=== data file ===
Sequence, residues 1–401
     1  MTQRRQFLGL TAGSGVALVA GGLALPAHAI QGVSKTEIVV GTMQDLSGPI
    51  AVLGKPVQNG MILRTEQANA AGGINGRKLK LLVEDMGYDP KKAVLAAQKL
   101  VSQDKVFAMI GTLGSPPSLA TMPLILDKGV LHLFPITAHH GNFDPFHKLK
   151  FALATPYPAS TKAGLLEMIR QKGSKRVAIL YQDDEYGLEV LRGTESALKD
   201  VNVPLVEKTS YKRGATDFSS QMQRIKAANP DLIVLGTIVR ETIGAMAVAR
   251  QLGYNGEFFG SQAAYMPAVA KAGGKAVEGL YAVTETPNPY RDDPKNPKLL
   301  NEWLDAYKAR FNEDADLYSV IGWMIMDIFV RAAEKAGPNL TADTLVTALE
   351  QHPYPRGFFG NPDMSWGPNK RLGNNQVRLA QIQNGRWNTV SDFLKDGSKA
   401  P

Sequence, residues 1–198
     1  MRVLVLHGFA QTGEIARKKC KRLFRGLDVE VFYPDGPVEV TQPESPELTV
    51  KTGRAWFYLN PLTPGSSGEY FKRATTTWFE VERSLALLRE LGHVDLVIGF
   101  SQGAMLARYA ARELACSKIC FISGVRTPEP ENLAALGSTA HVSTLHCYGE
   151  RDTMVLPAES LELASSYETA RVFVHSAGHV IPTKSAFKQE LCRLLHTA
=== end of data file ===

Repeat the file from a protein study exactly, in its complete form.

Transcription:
Sequence, residues 1–401
     1  MTQRRQFLGL TAGSGVALVA GGLALPAHAI QGVSKTEIVV GTMQDLSGPI
    51  AVLGKPVQNG MILRTEQANA AGGINGRKLK LLVEDMGYDP KKAVLAAQKL
   101  VSQDKVFAMI GTLGSPPSLA TMPLILDKGV LHLFPITAHH GNFDPFHKLK
   151  FALATPYPAS TKAGLLEMIR QKGSKRVAIL YQDDEYGLEV LRGTESALKD
   201  VNVPLVEKTS YKRGATDFSS QMQRIKAANP DLIVLGTIVR ETIGAMAVAR
   251  QLGYNGEFFG SQAAYMPAVA KAGGKAVEGL YAVTETPNPY RDDPKNPKLL
   301  NEWLDAYKAR FNEDADLYSV IGWMIMDIFV RAAEKAGPNL TADTLVTALE
   351  QHPYPRGFFG NPDMSWGPNK RLGNNQVRLA QIQNGRWNTV SDFLKDGSKA
   401  P

Sequence, residues 1–198
     1  MRVLVLHGFA QTGEIARKKC KRLFRGLDVE VFYPDGPVEV TQPESPELTV
    51  KTGRAWFYLN PLTPGSSGEY FKRATTTWFE VERSLALLRE LGHVDLVIGF
   101  SQGAMLARYA ARELACSKIC FISGVRTPEP ENLAALGSTA HVSTLHCYGE
   151  RDTMVLPAES LELASSYETA RVFVHSAGHV IPTKSAFKQE LCRLLHTA